Decathlon Hong Kong scores goal with Adyen

Image courtesy of Adyen.

Payment experience is a win-or-go-home situation for a retailer, especially for a multinational like Decathlon, one of the largest sporting goods retailers in the world.

In Hong Kong, Decathlon previously suffered from a complicated payments system, causing undue stress not only to customers but also to the company’s staff.

Kent Lam, Head of Technology at Decathlon Hong Kong, sat down with Frontier Enterprise on the sidelines of the NRF APAC 2024 event, to discuss their payments transformation and how its partnership with Dutch payment company Adyen eliminated many business hurdles.


According to Lam, Decathlon Hong Kong used to have two separate vendors for payment — one that provided point-of-sale (POS) terminals and a payment service provider (PSP) that offered low transaction fees for credit card purchases.

“We integrated the services of these two vendors and then further integrated both with our web POS system, Openbravo. The problem was that whenever there were payment issues, it was hard to debug because there were multiple points of failure,” he recalled.

The most common issue with such a setup was duplicated charges, which inconvenienced many customers, Lam said. Moreover, Decathlon Hong Kong’s customer service team was overwhelmed by all the refund claims and irate calls.

To make matters worse, the POS systems, which had been in use since 2017, were approaching the end of their lifecycle.

“We cannot upgrade because the PSP needs to reintegrate the new models and recertify them. They did not want to recertify the new models because they now have their own POS systems and are pushing us to use those. Even then, we would still need to integrate their models with Openbravo,” Lam said.

Decathlon sought advice and was informed that the integration would cost around HK$500,000. However, since this type of integration had never been done before, there was no guarantee it would be successful.

To make matters worse, Decathlon’s PSP at the time wanted to increase transaction fees yet again. For Lam, it was time to throw in the towel with their payment service provider at the time.

First pick

After considering only three prospects, Decathlon Hong Kong selected Adyen from the Netherlands. It was an easy choice, Lam noted, because their French counterpart was already using Adyen.

Kent Lam, Head of Technology, Decathlon Hong Kong. Image courtesy of Decathlon Hong Kong.

“Our main concern was whether the new provider could support our web POS, Openbravo. None of the other PSPs had experience integrating with Openbravo, except Adyen,” Lam observed.

In addition, Decathlon needed a reliable partner with a global contract; someone who could help them deliver, even during crunch time.

“Decathlon, being a global company, doesn’t want numerous local agreements or contracts. They prefer using a vendor with a global contract, especially for payments, which are pretty important. Luckily, we have a global contract with Adyen,” the executive noted.

After three to four months of development, with Openbravo at the helm and Adyen providing support, Decathlon Hong Kong was able to go live with the new platform around July 2023, achieving immediate success.

“It’s been a year since, and our partnership with Adyen has solved a lot of problems. We don’t have those duplicate charges anymore. We don’t have internal fraud because Adyen has much better risk management processes. They have a very sophisticated risk management platform, with a bunch of rules already set up to help us detect fraud. Plus, we have lower transaction fees,” Lam said.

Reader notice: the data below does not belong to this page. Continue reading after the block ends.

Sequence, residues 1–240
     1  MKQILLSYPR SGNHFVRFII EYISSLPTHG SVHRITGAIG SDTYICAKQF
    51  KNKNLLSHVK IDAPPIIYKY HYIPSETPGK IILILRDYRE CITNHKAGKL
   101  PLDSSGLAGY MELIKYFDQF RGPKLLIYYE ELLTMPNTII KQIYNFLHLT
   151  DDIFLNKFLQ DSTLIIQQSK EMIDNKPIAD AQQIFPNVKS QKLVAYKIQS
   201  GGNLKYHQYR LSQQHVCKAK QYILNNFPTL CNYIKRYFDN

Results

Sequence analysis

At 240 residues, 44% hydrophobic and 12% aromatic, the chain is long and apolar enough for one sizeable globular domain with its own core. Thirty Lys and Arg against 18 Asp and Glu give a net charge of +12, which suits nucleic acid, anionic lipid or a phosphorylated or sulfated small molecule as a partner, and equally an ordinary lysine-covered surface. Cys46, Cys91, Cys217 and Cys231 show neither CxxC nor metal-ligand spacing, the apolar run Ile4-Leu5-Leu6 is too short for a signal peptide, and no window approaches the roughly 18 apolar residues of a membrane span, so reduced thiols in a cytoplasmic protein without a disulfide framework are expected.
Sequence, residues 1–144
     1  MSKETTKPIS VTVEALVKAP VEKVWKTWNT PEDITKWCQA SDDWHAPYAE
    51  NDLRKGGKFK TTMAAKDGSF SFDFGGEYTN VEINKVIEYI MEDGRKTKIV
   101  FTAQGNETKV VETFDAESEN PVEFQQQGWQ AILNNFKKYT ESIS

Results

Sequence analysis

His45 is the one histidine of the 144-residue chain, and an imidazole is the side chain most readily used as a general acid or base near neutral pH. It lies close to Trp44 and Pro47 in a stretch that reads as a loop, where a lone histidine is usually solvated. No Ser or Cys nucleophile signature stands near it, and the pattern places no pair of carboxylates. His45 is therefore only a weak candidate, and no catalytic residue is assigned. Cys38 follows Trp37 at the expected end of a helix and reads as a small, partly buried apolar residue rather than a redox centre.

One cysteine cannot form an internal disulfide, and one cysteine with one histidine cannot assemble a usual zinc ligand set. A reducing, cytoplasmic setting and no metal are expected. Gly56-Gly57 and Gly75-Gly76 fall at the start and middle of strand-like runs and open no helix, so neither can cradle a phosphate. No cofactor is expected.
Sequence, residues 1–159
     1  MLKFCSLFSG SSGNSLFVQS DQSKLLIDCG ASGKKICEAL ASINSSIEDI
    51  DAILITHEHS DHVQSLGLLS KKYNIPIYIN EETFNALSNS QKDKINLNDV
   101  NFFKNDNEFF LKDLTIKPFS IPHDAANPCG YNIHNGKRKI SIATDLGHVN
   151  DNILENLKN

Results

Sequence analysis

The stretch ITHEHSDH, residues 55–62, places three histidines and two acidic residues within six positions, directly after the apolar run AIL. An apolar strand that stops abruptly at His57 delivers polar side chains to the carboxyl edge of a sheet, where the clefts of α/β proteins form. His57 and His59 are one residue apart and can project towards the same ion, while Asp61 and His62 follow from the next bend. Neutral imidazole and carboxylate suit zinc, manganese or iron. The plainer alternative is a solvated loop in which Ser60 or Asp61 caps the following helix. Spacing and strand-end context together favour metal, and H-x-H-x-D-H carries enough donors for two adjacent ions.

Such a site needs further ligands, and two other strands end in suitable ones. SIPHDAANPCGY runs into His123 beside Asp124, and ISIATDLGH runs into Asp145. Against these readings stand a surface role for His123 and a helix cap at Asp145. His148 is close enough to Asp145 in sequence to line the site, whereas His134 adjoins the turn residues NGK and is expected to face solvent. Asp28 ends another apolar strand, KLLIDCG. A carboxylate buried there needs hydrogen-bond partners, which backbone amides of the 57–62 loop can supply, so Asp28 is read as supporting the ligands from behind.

As part of the partnership, Adyen handles end-to-end payment solutions for Decathlon Hong Kong’s online store, in-app purchases, and all eight physical stores in the city. Leveraging Adyen’s Unified Commerce solution, Decathlon Hong Kong now has a clear view of all its payment channels and transactions.

Additionally, Adyen has enabled Apple Pay for Decathlon Hong Kong’s online transactions and in-app purchases, and will introduce Google Pay functionality later this year.

“We already saw an increase in people using Apple Pay over other forms of payment online. It’s about a 20% increase,” Lam said.

Roster rebuild

Aside from payments, Decathlon Hong Kong is currently modernising its e-commerce platform with a planned migration set for August.

“We are currently using Oracle’s e-commerce system, and we’ve built a lot of custom features hooked into it. However, we are migrating to a completely new APAC e-commerce platform being built by Decathlon Singapore. This new platform will be deployed in multiple APAC countries,” Lam revealed.

According to him, an APAC-focused e-commerce platform is crucial to efficient operations, ensuring that local teams can attend to issues promptly.

“The problem we currently have is the time zone difference. The support is not ideal because the current e-commerce platform is built in Europe. Hence, when we need support from them, there is a six-hour delay. We have to wait until 2 PM or 3 PM here until they wake up in Europe to support it,” he remarked.

Indeed, when it comes to digital transformation, Decathlon is playing the long game. As for other technologies, Lam said they are also looking at RFID security vendors and exploring the potential of augmented reality.

Decathlon HK isn’t satisfied with its current RFID security vendor, citing slow response times in handling support and detecting RFID items, which impacts the detection of theft or unpaid merchandise. This has prompted Lam to explore other options.

“For AR, there was a pitch geared towards staff augmentation. You can have an AI camera that scans whether you need to restock items on a particular shelf rather than check them manually every time. Then, you can automate and create all the tasks that need to be done on a dashboard, and then people can go do it,” Lam concluded.